The rate of decline in the DUC storage has been slowed slighting but is still near record lows. The trend line has become clear in March 2022 and will level off in the future as drilling increases. The previous trend line showed a sharp decrease in inventory as producers opted to drawdown their DUC inventory in lieu of investing in production. This allowed companies to tap into shale wells that were already drilled and did not need much more investment.

The number of drilling rigs has bounced back and the decline in DUC inventory has slightly abated. This slowing of the decline in DUC inventory might also be due to some fields hitting the minimum DUC inventory. If the slowing decline of DUC inventory is due to the industry hitting the minimum number of DUCs in each field then Americans will see substantially higher prices in the future. The DUC inventory will likely stabilize in the near term below 4000 DUCs and if the rig count continues to rise then companies could even replenish the number of DUCs but this will only stabilize high prices.


Oil prices will remain high even with a rising rig count as the DUC inventory, crude storage, and the SPR all near record lows. DUC inventory is unlikely to rise in the near term and crude storage may rise in the beginning of the summer, but the extra crude from the SPR will probably be exported to Asia or Europe.

President Biden’s administration is stuck between sluggish production, record-high exports, and rapidly declining storage. Democrats need to decrease oil and gas prices to save consumers from higher diesel and gasoline prices as they try and tame inflation with higher interest rates.

President Biden cannot count on Saudi Arabia’s help with higher exports without the kingdom extracting a heavy price on the administration’s policy goals. Even if the war in Russia ends today, the rancorous relationships between the EU and Russia is unlikely to subside anytime soon.

Russia will likely keep fighting in the Ukraine even as losses mount. Fighters from around the Middle East including Iran, Syria, and Libya have already been found in the conflict and their numbers will likely grow as the war drags on for months if not years. The administration tried to look toward Venezuela for future oil production but uproar in the US pushed them away from such a policy move. The administration also cannot approach Iran as demands in the Nuclear Deal are already beyond the scope of what the President is willing to sacrifice.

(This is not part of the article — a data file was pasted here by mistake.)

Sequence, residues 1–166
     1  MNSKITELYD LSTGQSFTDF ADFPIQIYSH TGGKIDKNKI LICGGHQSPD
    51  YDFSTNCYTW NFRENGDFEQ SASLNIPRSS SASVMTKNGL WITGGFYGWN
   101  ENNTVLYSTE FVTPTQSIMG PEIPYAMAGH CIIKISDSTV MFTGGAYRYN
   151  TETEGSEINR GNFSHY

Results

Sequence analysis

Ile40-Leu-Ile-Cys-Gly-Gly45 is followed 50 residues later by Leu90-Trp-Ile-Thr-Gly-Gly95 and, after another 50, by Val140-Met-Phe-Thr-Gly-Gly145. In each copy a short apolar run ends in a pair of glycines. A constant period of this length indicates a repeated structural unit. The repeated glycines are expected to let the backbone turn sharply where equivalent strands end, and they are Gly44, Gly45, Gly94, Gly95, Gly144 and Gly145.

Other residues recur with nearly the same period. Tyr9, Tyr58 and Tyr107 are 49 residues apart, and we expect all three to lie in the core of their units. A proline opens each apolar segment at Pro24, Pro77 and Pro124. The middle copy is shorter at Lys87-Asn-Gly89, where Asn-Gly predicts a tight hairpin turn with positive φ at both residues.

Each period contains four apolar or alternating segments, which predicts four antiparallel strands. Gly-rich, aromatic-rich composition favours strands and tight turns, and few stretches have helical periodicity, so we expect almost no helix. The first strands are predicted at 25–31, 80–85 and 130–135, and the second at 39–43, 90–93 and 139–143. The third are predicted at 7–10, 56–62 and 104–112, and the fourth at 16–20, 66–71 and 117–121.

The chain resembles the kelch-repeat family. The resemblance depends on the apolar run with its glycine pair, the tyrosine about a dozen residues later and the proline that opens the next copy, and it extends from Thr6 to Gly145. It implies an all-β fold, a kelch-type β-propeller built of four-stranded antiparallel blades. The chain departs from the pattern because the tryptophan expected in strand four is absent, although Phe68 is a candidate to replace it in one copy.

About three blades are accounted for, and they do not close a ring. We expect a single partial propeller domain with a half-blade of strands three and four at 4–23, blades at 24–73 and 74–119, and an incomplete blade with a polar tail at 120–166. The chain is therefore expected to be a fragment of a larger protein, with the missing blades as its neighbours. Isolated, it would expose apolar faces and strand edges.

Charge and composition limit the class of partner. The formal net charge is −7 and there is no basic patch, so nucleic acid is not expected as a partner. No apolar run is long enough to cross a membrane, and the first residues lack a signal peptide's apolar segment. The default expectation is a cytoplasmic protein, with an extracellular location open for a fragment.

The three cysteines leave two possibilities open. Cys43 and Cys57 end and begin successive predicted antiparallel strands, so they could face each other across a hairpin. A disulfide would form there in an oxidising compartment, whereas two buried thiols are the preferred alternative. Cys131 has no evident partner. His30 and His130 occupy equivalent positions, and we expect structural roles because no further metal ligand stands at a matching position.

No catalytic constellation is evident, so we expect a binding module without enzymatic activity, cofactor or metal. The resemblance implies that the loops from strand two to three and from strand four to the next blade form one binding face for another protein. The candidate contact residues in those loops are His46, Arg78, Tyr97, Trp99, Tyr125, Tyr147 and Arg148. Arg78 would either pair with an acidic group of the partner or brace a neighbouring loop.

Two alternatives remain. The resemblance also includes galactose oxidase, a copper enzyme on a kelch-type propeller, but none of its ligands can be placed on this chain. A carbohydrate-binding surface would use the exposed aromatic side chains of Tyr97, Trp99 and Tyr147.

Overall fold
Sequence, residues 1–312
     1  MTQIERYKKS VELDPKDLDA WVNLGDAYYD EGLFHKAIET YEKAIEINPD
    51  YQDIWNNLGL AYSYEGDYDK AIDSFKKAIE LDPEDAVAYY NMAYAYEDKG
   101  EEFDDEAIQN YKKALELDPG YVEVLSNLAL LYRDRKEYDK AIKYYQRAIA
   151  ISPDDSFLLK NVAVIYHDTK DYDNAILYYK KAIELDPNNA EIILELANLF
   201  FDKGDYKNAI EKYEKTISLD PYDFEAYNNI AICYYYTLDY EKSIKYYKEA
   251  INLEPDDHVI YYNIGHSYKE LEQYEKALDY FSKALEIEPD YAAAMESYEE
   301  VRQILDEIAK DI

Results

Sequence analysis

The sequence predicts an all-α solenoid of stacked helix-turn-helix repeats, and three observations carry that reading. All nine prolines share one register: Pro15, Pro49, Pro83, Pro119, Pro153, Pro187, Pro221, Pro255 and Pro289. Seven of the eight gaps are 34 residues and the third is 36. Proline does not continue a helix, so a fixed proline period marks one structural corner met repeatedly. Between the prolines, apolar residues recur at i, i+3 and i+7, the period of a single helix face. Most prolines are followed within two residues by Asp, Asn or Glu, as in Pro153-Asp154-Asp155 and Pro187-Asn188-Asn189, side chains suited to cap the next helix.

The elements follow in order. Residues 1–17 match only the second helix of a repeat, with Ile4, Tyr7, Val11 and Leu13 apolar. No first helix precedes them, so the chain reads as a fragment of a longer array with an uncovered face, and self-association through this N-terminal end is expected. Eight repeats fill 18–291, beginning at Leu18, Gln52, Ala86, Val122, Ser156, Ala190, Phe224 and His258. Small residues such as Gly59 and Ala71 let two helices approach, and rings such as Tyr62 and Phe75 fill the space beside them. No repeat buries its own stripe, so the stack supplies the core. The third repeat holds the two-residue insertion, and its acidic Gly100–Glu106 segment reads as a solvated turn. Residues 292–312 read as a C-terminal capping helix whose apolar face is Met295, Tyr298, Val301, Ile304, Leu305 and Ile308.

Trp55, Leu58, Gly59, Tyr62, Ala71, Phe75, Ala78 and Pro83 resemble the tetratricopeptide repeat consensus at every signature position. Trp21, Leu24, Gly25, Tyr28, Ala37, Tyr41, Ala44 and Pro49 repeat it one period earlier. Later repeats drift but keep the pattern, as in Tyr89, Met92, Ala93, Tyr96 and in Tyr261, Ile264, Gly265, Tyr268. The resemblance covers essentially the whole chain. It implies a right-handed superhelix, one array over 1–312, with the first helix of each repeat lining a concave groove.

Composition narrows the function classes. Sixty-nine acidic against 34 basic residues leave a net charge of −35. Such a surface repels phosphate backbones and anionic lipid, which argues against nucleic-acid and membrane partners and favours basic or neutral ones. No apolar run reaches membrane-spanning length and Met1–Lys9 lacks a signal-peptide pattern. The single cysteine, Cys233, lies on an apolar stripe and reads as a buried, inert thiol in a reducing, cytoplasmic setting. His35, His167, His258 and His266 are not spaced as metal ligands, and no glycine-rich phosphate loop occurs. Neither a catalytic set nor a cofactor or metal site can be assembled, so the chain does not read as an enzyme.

Germany finally dropped opposition to banning Russian crude imports to the EU. America’s exports will attempt to make up for the loss of crude as the EU tries to diversify its imports of energy. President Biden’s policy goals are still a decade away from being enacted and his relationship with producers is disappointing at best. He could remove the current Interior Secretary and install someone that is more approachable to the oil industry while taking flak from the environmentalists in his party. This will be tough for his reelection campaign but will help tame inflation while saving the housing market as it collapses under the weight of higher interest rates.

The administration could attempt to use taxes on oil to reduce consumption and imports while using the tax money to fund its lofty environmental goals. The Biden administration could accept higher prices and tariff crude imports up to $100/BBL and exports over $100/BBL. This would set a standard for prices and help the environment at the same time. This would have the benefit of bringing much needed review that could be used for environmental projects, stabilizing energy prices, and setting an expectation for future prices so American producers could confidently invest in American energy infrastructure.

The current administration is struggling with inflationary pressure but has few options due to market forces and geopolitical pressure as well as declining inventories. Adding wind turbines and solar panels will help reduce the reliance on crude oil but those goals are still a decade away from completion and will do little good in the short term.